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Labour Commission Holds Crisis Talks With NHIA Union   
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The National Labour Commission has directed unionized staff of the National Health Insurance Authority to return to work as their strike is illegal.

The commission’s directive is to ensure that the union and management complete ongoing negotiations and report back to it by March 4, 2012.

Demands being made by the workers include agreeing on a Collective Bargaining Agreement and a salary structure. Workers of some of the schemes across the country declared a sit-down strike last Monday demanding improved conditions of service.

But management of the authority went to the Labour Commission seeking reliefs including declaration of the strike as illegal, the return of the workers to the negotiating table and the declaration of the strike as an unfair labour practice.

Workers of some of the schemes in parts of the Western, Eastern, Upper West and Ashanti regions declared the strike on Monday, to protest poor conditions of service. Reports indicate that some workers of the NHIA in the other regions continue to work because of a last-minute directive they received from their national executive members on Friday to hold on with the strike.

Speaking to the DAILY GRAPHIC, Mr Nathaniel Otoo, the Director of Administration and Legal of NHIA, said the country cherished the rule of law and the decision of the Labour Commission attested to that.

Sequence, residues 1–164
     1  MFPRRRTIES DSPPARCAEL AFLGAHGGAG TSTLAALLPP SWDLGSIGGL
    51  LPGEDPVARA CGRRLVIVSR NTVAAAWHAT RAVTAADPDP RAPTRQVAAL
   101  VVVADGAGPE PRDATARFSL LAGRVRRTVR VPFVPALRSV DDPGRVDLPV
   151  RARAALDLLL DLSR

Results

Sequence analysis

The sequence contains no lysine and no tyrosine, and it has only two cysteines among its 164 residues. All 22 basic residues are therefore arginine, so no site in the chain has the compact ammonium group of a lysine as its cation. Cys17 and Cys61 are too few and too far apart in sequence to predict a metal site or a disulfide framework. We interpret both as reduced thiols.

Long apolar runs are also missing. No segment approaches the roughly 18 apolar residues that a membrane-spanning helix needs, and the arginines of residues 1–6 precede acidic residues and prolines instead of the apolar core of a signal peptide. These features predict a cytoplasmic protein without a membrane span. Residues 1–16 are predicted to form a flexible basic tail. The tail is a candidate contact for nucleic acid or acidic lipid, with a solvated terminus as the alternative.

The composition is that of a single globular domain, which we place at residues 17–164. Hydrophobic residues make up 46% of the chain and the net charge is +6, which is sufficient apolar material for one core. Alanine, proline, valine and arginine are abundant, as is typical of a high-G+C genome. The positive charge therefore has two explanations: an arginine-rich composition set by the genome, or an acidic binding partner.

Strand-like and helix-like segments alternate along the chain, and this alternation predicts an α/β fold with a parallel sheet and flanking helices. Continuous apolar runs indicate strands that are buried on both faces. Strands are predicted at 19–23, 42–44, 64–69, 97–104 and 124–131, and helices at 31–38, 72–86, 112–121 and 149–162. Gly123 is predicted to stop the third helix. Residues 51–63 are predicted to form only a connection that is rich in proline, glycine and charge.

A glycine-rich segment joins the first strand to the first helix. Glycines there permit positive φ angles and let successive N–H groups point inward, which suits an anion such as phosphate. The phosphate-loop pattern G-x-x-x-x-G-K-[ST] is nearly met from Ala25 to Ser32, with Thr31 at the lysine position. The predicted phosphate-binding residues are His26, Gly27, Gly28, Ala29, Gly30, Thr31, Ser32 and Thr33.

He said labour negotiations were not done in the media but rather across the table, saying the union had engaged in arms twisting. He said the handling of issues concerning collective bargaining was the responsibility of both management and the union and that the attempt by the union to stifle the process was unfair.

He said the commission was committed to completing the negotiations but stated that the negotiations were a two-way affair that needed commitment from the union as well. “The strike is absolutely illegal and not in line with the country’s labour laws. That is why we deemed it necessary to report the matter to the Labour Commission.

“The most important thing to do is go back to the negotiating table, since the use of strike as a threat to the process is not acceptable,” he said.

Mr Otoo said management would from today “monitor the activities of the various schemes to ensure that they adhere to the ruling of the commission. If they fail, then they will be in contempt of the Labour Commission which also have the powers of the High Court.”

He explained that in union negotiations of that nature, the demands of the labour law were that management should deal with the mother union which held the collective bargaining certificate, and in the case of the NHIA workers union, it is the Union of Industry,
Commerce and Finance workers (UNICOF) that should be dealt with.

He said a letter which was to inform management of the workers’ strike was not delivered to management. Mr Otoo stated that even though UNICOF had not sanctioned the strike, the NHIA engaged the leadership of the local union together with its mother union to settle the matter amicably.

He said the union even gave an assurance that it would not declare the strike but the assurance was betrayed, a situation that compelled management of the Health Insurance Schemes to go to the Labour Commission.

But speaking to Joy FM, the General Secretary of the Union, Mr Kwabena Bobbie, said the strike had achieved it purpose as it had forced management to heed to their demands for negotiations. He was optimistic that both parties would meet the needed requirements of the Labour Commission by March 14, 2012.
Source: Daily Graphic

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